Police get federal traffic safety grant

By: JO MORELAND - Staff Writer

ESCONDIDO -- Two more motorcycle officers will be patrolling local streets under an $851,731 traffic safety grant received by the Escondido Police Department.

The two-year Traffic Safety Education and Enforcement Program grant funneled through the state Office of Traffic Safety, with federal money provided by the National Highway Traffic Safety Administration, started Oct. 1.

In addition to paying for two officers, the money will be used for strategies targeting drivers who violate laws and cause collisions and for enforcing laws to try to reduce fatal and injury collisions in the city, authorities said Monday.

"It's not just about Escondido," said police Lt. Mike Loarie.

He said traffic safety affects visitors and others in the area, in addition to the residents.

Last year six people died because of traffic crashes in inland Escondido, one of the region's older communities with a population of about 140,000.

Another six people died in 2005 because of traffic crashes in the city, Loarie said.

Police planned to reveal today the highlights of the new grant, its goals and how the work will be done.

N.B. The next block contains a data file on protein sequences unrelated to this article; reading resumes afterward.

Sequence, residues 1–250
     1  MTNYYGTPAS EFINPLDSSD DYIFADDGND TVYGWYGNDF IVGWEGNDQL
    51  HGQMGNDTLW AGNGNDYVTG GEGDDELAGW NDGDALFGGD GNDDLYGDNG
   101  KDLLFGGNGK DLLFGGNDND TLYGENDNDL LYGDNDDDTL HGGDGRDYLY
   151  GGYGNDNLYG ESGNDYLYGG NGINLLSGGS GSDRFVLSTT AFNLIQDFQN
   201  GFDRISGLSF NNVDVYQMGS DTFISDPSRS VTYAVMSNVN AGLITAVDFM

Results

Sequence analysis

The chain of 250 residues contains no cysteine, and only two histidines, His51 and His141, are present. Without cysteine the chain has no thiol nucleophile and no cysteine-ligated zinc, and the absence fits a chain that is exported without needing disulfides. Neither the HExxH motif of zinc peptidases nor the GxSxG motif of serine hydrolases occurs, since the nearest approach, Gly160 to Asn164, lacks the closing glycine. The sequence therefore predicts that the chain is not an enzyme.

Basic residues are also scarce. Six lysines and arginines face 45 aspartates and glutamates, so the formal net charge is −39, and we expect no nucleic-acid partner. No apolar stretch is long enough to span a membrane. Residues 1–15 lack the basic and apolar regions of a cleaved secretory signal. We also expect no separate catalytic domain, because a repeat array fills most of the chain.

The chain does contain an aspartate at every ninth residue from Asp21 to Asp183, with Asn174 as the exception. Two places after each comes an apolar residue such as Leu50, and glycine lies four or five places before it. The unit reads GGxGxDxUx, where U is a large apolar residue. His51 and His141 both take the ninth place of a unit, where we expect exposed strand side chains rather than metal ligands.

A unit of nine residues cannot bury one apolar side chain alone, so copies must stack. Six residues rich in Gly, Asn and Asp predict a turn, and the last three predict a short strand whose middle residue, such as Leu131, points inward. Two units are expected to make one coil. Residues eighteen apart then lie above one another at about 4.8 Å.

"It covers a lot of areas," said Chris Cochran, spokesman for the Office of Traffic Safety in Sacramento.

In addition to the usual sobriety and driver's license checkpoints and patrols looking for drivers who have been drinking, Cochran said, the grant will focus on such efforts as a "Hot Sheet" program.

The "Hot Sheet" program will notify patrol and traffic officers to watch for people whose driver's licenses have been suspended or revoked because of repeated driving under the influence convictions.

Court "sting" operations will target convicted driving under the influence offenders when they get behind the wheel after leaving court, according to the grant.

It said enforcement operations will also concentrate on drivers who run red lights, speed aggressively, or drive vehicles equipped with illegal street racing equipment.

People who don't buckle up in cars will also get more attention from police.

The enforcement operations will concentrate on intersections that have more traffic crashes than others, the grant said.

The new grant overlaps an earlier, two-year grant for $802,019 that ends March 31 after adding four more officers and up to two high school traffic safety programs in Escondido, in addition to enforcement programs.

-- Contact staff writer Jo Moreland at (760) 740-3524 or jmoreland@nctimes.com.